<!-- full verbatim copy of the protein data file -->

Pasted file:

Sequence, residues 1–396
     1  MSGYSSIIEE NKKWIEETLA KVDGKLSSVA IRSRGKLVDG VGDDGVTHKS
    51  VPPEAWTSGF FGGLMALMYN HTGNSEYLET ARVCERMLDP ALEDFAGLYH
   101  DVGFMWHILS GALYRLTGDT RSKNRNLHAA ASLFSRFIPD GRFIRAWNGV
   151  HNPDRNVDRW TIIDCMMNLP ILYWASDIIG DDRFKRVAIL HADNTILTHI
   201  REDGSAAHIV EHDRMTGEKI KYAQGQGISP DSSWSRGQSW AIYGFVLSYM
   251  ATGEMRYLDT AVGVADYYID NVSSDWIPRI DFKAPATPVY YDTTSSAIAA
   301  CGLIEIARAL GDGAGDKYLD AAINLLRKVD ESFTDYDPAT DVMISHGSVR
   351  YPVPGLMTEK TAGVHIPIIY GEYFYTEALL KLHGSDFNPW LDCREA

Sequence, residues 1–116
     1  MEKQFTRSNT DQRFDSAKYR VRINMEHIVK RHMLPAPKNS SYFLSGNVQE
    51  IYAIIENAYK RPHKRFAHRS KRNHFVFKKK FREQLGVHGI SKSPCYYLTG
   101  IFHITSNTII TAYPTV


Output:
Sequence, residues 1–396
     1  MSGYSSIIEE NKKWIEETLA KVDGKLSSVA IRSRGKLVDG VGDDGVTHKS
    51  VPPEAWTSGF FGGLMALMYN HTGNSEYLET ARVCERMLDP ALEDFAGLYH
   101  DVGFMWHILS GALYRLTGDT RSKNRNLHAA ASLFSRFIPD GRFIRAWNGV
   151  HNPDRNVDRW TIIDCMMNLP ILYWASDIIG DDRFKRVAIL HADNTILTHI
   201  REDGSAAHIV EHDRMTGEKI KYAQGQGISP DSSWSRGQSW AIYGFVLSYM
   251  ATGEMRYLDT AVGVADYYID NVSSDWIPRI DFKAPATPVY YDTTSSAIAA
   301  CGLIEIARAL GDGAGDKYLD AAINLLRKVD ESFTDYDPAT DVMISHGSVR
   351  YPVPGLMTEK TAGVHIPIIY GEYFYTEALL KLHGSDFNPW LDCREA

Sequence, residues 1–116
     1  MEKQFTRSNT DQRFDSAKYR VRINMEHIVK RHMLPAPKNS SYFLSGNVQE
    51  IYAIIENAYK RPHKRFAHRS KRNHFVFKKK FREQLGVHGI SKSPCYYLTG
   101  IFHITSNTII TAYPTV